The children accessor is first invoked for root node in the hierarchy. If the accessor returns null, then the node is assumed to be a leaf node at the layout traversal terminates. Otherwise, the accessor should return an array of data elements representing the child nodes.

# tree.separation([separation])

If separation is specified, uses the specified function to compute separation between neighboring nodes. If separation is not specified, returns the current separation function, which defaults to:

function separation(a, b) {
  return a.parent == b.parent ? 1 : 2;
}

A variation that is more appropriate for radial layouts reduces the separation gap proportionally to the radius:

function separation(a, b) {
  return (a.parent == b.parent ? 1 : 2) / a.depth;
}

The separation function is passed two neighboring nodes a and b, and must return the desired separation between nodes. The nodes are typically siblings, though the nodes may also be cousins (or even more distant relations) if the layout decides to place such nodes adjacent.

# tree.size([size])

If size is specified, sets the available layout size to the specified two-element array of numbers representing x and y. If size is not specified, returns the current size, which defaults to 1×1. The layout size is specified in x and y, but this is not limited screen coordinates and may represent an arbitrary coordinate system. For example, to produce a radial layout where the tree breadth (x) is measured in degrees, and the tree depth (y) is a radius r in pixels, say [360, r].

The size property is exclusive with tree.nodeSize; setting tree.size sets tree.nodeSize to null.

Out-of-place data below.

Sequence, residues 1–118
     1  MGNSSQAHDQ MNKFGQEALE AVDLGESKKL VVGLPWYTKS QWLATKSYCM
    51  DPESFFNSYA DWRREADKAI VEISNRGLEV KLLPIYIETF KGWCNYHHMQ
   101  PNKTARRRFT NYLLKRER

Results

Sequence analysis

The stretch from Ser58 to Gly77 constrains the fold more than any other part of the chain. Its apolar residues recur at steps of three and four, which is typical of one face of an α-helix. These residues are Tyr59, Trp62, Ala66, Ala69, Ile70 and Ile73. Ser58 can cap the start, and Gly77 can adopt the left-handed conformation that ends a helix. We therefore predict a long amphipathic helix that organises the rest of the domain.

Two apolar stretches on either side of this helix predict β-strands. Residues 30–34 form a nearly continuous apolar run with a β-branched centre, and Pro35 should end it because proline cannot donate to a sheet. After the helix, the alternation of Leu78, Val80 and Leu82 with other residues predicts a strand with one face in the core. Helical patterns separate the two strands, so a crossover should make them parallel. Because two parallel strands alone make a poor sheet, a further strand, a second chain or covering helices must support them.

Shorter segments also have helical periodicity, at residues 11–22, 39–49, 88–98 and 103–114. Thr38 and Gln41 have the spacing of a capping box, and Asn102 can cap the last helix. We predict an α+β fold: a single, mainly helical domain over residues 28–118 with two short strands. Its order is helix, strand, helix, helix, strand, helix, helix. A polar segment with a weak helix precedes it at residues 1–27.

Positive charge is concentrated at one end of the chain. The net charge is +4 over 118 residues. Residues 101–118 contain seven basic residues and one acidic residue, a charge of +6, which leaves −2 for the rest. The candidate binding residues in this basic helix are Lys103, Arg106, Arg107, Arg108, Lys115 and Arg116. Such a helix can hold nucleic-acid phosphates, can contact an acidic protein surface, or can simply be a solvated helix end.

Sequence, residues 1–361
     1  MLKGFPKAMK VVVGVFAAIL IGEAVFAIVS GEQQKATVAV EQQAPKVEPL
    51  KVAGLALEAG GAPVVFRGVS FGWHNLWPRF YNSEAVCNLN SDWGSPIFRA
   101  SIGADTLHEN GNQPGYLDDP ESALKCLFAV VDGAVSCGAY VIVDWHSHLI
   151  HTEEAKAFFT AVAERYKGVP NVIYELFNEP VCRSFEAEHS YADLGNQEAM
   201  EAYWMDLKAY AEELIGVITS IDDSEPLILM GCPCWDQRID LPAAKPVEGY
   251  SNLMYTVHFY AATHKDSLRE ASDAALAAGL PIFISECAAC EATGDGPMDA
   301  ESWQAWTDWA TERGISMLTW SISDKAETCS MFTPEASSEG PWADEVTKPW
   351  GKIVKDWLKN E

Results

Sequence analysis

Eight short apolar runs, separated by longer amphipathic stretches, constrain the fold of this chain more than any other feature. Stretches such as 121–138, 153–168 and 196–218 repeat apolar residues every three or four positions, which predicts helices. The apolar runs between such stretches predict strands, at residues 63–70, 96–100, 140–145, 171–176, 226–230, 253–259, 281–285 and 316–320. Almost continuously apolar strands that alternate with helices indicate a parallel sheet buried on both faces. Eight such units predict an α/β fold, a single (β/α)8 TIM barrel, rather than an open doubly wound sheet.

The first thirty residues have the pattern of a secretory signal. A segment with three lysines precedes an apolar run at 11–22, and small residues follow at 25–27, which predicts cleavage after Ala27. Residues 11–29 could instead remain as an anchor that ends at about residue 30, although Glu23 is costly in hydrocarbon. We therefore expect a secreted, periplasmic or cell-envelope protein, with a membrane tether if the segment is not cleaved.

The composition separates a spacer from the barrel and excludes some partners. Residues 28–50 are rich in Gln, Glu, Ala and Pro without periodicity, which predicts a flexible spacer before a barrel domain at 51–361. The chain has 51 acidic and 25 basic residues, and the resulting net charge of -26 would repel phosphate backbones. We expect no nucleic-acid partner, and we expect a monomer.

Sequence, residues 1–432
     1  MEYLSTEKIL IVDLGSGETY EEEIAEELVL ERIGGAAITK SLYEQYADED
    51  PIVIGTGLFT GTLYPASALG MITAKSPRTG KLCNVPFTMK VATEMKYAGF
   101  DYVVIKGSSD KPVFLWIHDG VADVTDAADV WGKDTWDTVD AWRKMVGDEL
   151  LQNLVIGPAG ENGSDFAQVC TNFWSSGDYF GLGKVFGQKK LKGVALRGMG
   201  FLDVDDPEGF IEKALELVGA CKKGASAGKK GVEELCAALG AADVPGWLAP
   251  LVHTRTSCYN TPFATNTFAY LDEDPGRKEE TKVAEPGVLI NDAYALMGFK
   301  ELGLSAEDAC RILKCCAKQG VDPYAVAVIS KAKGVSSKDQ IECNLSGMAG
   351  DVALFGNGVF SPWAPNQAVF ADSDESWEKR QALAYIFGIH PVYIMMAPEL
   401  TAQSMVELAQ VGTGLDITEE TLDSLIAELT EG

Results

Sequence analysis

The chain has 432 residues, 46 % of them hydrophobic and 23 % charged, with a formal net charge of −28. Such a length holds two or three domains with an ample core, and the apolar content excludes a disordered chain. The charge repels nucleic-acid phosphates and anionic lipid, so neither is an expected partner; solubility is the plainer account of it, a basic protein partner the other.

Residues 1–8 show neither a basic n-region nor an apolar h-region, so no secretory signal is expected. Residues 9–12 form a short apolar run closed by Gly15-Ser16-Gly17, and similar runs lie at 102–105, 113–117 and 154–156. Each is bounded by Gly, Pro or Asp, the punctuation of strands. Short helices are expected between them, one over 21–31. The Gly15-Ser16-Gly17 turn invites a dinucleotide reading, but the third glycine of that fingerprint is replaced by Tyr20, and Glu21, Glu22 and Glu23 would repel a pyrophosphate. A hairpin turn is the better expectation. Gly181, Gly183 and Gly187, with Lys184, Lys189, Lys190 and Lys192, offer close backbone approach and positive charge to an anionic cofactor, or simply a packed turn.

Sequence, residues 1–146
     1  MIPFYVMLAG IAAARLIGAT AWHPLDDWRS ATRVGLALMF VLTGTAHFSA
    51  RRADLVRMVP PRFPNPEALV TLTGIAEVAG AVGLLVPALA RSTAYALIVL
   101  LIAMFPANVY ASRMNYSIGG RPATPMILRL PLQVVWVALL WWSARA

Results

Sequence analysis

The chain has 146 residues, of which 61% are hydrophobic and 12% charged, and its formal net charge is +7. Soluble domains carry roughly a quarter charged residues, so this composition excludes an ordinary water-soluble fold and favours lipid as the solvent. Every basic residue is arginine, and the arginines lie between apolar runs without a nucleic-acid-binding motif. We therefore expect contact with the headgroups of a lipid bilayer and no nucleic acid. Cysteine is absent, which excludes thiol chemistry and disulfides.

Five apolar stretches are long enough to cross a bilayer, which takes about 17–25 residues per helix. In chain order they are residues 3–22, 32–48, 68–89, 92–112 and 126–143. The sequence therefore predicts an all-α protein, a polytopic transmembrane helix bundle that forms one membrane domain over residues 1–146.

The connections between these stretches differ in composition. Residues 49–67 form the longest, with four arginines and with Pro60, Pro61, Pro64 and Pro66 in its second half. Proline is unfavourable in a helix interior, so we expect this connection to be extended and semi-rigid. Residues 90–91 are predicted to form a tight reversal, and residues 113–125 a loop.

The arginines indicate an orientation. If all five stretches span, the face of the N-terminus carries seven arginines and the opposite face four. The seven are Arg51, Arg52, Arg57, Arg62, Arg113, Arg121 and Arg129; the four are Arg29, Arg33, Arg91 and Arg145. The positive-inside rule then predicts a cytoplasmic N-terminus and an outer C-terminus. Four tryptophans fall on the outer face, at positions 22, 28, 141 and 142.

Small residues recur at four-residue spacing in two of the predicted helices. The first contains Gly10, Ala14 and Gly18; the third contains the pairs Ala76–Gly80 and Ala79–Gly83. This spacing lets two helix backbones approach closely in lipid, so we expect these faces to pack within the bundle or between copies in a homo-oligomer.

# tree.nodeSize([nodeSize])

If nodeSize is specified, sets a fixed size for each node as a two-element array of numbers representing x and y. If nodeSize is not specified, returns the current node size, which defaults to null indicating that the layout is determined using the overall tree.size property instead of using a fixed node size. The layout size is specified in x and y, but this is not limited screen coordinates and may represent an arbitrary coordinate system.

The nodeSize property is exclusive with tree.size; setting tree.nodeSize sets tree.size to null.

# tree.sort([comparator])

If comparator is specified, sets the sort order of sibling nodes for the layout using the specified comparator function. If comparator is not specified, returns the current group sort order, which defaults to null for no sorting. The comparator function is invoked for pairs of nodes, being passed the input data for each node. The default comparator is null, which disables sorting and uses tree traversal order. For example, to sort sibling nodes in descending order by the associated input data's numeric value attribute, say:

function comparator(a, b) {
  return b.value - a.value;
}

Sorting by the node's name or key is also common. This can be done easily using d3.ascending or d3.descending.

# tree.value([value])

If value is specified, sets the value accessor to the specified function. If value is not specified, returns the current value accessor which defaults to null, meaning that the value attribute is not computed. If specified, the value accessor is invoked for each input data element, and must return a number representing the numeric value of the node. This value has no effect on the tree layout, but is generic functionality provided by hierarchy layouts.